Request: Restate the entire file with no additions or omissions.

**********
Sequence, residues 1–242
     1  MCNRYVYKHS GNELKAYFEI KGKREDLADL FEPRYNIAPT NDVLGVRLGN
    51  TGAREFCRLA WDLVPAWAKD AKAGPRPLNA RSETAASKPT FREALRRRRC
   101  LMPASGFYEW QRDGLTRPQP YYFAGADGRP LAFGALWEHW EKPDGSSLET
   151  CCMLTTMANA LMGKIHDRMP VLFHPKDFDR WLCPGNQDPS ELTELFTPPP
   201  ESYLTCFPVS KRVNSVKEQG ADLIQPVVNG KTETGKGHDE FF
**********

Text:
Sequence, residues 1–242
     1  MCNRYVYKHS GNELKAYFEI KGKREDLADL FEPRYNIAPT NDVLGVRLGN
    51  TGAREFCRLA WDLVPAWAKD AKAGPRPLNA RSETAASKPT FREALRRRRC
   101  LMPASGFYEW QRDGLTRPQP YYFAGADGRP LAFGALWEHW EKPDGSSLET
   151  CCMLTTMANA LMGKIHDRMP VLFHPKDFDR WLCPGNQDPS ELTELFTPPP
   201  ESYLTCFPVS KRVNSVKEQG ADLIQPVVNG KTETGKGHDE FF